This post is supporting my week long look at just some of Russell Freedman’s collection of work.

Title: Children of the Great Depression
Author: Russell Freedman
ISBN: 9780618446308
Pages: 118 pages
Publisher/Date: Clarion Books, c2005.

In Philadelphia, children at a nursery school made up an eviction game. They would pile all their toy furniture in one corner of the room, then pick it up and move it to another corner. “We ain’t got no money for rent,” one child told their teacher, “so’s we’ve moved into a new house. Then we got the constable[sheriff] on us, so we’s moving again.”
Older kids knew that eviction was no game, and they shared their parents’ distress. A girl from Brooklyn, whose family couldn’t pay the rent and was about to be evicted, confided to Eleanor Roosevelt: “My father tries to be gay about it saying as lightly as possible ‘Who cares. Who wants to live here anyway?’ But under all his jokes I can see he is suffering terrible my pop is very sensative.” (19-20)

Russell Freedman says at the beginning of his bibliography that “Suprisingly, few scholarly works have examined the impact of the Great Depression on children and teens who grew up during those perilous years.” (109) He strives to fill that gap, discussing how children found work to help support the family, entertained themselves with movies and radio shows, and migrated with the family or with other homeless children.

Something unique about the pictures chosen and that I appreciate is that they are not all by Dorothea Lange and they show some diversity in their subjects. While I admit that she took many influential pictures during this time frame, the one of the migrant mother being one of her most famous, some controversy about her methods has come to light over the years. Many authors during this time period exclusively feature her work, which might lead some people to think she was the only photographer. Instead, photographs taken by Jack Delano, Dorothea Lange, Russell Lee, Arthur Rothstein and Ben Shahn pepper the book, ranging from tiny inserts in the margins to engulfing the whole page and then some. As I mentioned they also have different subjects, ranging from families to kid groups at school and on the road, and also contain a mixture of girls and boys, minorities and whites. Among the most striking are the picture of the girl in the cotton mill (page 45) and the kids being transported to school (page 33) where the girl in the middle just catches and holds the reader’s eye. The picture of the store front (page 10) accompanied by a list of prices for items and annual earnings during the depression really puts things in perspective. For example, a gallon of gasoline back then was $0.18, and it’s now well over that today.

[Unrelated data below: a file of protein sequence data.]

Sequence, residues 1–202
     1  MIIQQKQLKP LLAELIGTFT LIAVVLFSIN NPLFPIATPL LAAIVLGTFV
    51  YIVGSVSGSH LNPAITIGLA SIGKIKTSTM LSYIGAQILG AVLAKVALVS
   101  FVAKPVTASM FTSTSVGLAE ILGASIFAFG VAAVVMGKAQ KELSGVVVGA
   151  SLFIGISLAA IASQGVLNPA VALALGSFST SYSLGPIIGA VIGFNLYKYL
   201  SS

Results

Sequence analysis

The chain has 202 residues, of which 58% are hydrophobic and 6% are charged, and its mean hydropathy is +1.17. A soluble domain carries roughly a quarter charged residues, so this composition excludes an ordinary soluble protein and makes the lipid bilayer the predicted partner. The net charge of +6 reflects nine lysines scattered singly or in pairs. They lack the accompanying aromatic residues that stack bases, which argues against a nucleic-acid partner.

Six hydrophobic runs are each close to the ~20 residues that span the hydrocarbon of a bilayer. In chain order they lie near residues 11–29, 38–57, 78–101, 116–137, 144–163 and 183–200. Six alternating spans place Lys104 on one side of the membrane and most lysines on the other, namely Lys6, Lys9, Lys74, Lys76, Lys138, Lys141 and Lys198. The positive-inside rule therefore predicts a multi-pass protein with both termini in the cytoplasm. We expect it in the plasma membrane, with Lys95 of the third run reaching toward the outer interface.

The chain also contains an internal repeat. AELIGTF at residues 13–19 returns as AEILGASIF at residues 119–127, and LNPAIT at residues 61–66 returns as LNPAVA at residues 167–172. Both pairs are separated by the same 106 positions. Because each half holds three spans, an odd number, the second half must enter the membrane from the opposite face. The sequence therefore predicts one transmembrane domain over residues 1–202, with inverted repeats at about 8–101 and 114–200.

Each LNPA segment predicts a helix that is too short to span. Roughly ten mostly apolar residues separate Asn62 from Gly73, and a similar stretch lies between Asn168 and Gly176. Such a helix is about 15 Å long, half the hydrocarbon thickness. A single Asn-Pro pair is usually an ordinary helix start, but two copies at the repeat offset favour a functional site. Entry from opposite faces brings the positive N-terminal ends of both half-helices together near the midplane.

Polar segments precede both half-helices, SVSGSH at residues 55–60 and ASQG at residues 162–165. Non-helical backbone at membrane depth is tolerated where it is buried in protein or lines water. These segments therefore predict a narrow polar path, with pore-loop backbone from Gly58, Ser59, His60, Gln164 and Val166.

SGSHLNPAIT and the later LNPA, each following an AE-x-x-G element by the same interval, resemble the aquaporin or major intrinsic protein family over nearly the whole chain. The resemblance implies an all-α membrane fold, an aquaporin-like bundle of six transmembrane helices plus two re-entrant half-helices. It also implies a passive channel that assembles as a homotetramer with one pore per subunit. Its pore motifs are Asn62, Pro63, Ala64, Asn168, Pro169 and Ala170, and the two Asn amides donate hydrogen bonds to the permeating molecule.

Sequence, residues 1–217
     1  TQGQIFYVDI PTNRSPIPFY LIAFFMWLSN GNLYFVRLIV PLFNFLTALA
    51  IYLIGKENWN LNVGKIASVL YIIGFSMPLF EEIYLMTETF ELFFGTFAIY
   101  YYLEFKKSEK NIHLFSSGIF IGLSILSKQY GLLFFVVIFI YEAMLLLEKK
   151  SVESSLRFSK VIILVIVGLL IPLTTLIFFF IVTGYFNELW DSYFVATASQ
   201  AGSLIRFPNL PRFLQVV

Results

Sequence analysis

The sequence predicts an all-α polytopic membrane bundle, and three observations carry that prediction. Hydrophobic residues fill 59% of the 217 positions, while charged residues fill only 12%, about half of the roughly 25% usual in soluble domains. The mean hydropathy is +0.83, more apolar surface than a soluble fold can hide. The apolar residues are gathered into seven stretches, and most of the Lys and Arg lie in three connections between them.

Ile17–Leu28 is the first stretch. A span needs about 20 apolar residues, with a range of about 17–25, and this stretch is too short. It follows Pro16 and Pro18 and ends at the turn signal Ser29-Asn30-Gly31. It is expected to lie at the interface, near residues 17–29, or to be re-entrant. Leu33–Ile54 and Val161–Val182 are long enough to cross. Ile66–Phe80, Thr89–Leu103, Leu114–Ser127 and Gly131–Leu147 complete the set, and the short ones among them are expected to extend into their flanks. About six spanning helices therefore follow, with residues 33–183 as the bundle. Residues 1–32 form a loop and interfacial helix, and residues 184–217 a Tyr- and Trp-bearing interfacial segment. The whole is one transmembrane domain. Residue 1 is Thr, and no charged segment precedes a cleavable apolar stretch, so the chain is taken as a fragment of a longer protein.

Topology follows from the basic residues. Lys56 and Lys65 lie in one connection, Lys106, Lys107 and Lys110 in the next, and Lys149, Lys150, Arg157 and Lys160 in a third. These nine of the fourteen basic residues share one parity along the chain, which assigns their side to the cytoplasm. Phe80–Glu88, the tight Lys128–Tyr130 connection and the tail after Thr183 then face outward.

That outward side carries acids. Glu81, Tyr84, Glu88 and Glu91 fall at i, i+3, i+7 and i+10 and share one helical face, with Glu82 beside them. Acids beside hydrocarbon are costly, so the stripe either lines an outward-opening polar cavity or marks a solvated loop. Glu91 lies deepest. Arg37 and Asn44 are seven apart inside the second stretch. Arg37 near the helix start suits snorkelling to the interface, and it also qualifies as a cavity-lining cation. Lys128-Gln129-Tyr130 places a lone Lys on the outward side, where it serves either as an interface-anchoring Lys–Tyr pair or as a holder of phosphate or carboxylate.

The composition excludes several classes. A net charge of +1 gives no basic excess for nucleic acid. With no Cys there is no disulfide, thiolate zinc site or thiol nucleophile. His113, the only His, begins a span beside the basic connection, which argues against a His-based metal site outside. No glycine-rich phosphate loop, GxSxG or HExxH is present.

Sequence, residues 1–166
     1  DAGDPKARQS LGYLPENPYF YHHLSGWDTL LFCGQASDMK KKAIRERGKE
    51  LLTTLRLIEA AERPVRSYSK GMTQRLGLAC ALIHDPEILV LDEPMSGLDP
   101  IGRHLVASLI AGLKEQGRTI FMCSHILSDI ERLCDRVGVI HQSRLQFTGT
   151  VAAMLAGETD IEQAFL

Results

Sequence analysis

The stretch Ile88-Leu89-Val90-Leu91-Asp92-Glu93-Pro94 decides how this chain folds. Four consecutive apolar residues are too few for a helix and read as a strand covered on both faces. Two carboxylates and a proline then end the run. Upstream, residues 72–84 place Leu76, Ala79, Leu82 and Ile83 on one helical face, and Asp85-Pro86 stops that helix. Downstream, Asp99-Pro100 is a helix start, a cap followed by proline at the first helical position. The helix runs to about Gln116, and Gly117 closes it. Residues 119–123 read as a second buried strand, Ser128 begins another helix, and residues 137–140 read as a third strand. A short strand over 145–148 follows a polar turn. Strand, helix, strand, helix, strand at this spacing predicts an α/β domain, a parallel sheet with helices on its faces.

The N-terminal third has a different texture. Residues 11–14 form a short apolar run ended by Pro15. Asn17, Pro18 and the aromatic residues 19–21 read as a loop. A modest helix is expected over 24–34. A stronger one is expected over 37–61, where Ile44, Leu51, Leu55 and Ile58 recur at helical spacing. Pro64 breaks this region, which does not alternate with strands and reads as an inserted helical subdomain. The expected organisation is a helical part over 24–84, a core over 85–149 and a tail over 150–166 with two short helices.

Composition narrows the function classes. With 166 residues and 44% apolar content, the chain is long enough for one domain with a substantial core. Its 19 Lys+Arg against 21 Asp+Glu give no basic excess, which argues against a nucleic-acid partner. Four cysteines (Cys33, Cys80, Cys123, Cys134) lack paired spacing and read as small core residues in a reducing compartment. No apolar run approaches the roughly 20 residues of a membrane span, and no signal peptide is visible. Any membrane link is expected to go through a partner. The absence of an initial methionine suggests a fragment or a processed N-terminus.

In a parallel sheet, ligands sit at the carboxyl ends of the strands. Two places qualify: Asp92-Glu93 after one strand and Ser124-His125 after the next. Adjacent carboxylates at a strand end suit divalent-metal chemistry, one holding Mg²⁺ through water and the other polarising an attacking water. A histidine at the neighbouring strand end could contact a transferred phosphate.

Providing lots of background and filled with first-hand accounts drawn from the books cited in the bibliography, this book could be paired with The Storm in the Barn, which also gives a glimpse of how children felt during the Dust Bowl.

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